1.1 Sole traders
A sole trader is a business entity owned by a natural person (a human being). In the UK, there is no formal procedure for setting up or winding down a sole trader business. However, the sole trader is responsible for registering with Her Majesty’s Revenue and Customs authority (HMRC) as self-employed, and for registering for Value Added Tax (VAT) if the taxable revenue is more than £85,000 (at the time of writing).
In other countries things may be slightly different. For example, in the Netherlands, all types of business must register with the Chamber of Commerce. Registration with the Chamber of Commerce will automatically result in registration for income tax and VAT purposes as well.
In the eyes of the law, the sole trader as a person and as a business are one and the same. The implications are that the owner of the sole trader business:
- raises finance by investing his or her own money, borrowing money from family or friends, obtaining a personal (unsecured) loan, or a loan secured on assets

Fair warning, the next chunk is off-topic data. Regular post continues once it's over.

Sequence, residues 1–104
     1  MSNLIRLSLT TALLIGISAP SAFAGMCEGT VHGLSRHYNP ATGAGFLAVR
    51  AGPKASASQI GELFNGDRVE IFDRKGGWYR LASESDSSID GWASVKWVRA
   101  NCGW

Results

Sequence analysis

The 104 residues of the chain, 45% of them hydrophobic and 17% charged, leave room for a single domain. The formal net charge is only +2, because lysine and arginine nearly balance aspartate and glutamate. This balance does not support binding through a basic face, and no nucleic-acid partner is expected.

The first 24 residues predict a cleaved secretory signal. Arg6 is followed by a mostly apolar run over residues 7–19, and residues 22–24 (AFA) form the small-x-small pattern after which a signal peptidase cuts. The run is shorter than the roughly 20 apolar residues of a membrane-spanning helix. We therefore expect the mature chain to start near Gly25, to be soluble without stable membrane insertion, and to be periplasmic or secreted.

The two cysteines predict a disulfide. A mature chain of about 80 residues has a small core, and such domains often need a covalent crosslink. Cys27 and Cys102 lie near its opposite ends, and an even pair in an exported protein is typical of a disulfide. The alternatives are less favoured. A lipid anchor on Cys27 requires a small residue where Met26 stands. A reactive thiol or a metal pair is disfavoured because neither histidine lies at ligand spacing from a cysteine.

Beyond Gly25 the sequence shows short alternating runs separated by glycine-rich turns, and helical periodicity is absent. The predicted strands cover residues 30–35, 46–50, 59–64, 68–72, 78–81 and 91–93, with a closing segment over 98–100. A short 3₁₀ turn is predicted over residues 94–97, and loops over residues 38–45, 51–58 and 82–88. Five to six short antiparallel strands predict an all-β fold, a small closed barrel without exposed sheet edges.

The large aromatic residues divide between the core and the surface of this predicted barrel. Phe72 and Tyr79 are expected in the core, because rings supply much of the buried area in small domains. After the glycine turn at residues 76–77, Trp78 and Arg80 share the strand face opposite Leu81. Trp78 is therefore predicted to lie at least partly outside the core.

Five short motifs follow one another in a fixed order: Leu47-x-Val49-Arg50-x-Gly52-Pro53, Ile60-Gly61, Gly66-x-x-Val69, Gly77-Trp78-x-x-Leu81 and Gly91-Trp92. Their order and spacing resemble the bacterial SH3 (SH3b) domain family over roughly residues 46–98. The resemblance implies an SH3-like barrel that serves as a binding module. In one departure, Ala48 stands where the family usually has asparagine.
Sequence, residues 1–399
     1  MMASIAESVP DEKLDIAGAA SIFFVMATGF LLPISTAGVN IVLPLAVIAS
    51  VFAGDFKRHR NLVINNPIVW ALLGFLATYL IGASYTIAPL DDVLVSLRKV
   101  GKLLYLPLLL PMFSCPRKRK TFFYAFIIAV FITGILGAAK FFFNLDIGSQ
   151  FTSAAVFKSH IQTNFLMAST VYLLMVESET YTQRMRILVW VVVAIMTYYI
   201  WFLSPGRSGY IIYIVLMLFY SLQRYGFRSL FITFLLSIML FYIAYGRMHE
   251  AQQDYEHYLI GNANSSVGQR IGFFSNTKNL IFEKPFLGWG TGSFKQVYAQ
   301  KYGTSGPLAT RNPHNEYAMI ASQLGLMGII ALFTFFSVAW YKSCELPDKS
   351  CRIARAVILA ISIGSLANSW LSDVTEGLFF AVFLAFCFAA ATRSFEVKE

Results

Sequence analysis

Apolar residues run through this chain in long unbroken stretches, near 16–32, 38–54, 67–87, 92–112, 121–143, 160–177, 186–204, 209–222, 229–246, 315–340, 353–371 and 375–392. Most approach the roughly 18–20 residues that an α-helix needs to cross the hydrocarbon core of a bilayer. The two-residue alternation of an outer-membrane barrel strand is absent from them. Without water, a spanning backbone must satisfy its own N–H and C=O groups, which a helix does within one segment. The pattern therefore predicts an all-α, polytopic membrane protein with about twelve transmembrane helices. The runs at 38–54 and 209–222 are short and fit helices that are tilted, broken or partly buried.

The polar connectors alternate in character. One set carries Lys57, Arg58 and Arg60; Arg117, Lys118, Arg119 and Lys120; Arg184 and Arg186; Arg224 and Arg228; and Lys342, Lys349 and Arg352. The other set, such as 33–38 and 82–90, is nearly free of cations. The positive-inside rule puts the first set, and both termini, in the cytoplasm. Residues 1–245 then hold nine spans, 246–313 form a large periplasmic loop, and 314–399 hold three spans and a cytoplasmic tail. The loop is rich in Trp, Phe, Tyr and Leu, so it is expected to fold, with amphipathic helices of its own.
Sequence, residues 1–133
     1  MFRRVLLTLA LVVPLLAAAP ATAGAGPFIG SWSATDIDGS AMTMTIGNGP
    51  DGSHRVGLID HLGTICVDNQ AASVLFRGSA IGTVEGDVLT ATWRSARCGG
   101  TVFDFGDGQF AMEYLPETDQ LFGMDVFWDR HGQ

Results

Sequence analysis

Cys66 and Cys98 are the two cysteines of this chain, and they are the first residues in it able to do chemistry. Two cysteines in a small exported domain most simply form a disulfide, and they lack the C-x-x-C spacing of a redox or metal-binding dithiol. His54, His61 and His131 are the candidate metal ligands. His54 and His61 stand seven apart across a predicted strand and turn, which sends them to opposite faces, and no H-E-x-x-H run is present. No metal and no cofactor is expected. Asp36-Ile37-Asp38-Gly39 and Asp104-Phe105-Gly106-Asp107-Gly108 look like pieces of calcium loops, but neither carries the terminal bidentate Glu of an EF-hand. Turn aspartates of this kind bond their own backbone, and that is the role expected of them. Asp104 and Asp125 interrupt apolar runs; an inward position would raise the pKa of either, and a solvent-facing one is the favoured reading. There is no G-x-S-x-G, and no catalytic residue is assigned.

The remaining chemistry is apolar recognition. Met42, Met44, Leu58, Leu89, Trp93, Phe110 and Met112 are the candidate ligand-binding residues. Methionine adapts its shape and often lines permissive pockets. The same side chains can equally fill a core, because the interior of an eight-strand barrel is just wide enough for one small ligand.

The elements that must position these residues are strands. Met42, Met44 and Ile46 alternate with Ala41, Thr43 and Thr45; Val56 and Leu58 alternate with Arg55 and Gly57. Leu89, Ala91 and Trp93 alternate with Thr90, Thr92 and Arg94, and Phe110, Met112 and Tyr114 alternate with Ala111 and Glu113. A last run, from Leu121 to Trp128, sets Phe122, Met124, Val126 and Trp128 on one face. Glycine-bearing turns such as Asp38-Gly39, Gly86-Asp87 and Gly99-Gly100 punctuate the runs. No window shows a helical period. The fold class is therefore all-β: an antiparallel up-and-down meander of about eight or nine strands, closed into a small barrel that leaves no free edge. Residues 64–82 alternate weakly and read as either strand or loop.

- personally owns the assets of the business
- has unlimited liability for the debts, torts and crimes of the business
- is entitled to the profits of the business
- makes the decisions on the nature and running of the business.
In addition, when the owner decides to stop working or passes away, the sole trader business will have to be wound up.
Unlike many entities, the type and format of financial statements are not specified by regulations for sole traders in the UK. However, sole traders would normally prepare basic financial statements adequate for taxation purposes, as well as for their own needs. You will look at these in more detail later in the course.
See Figure 3 for a summary of sole traders.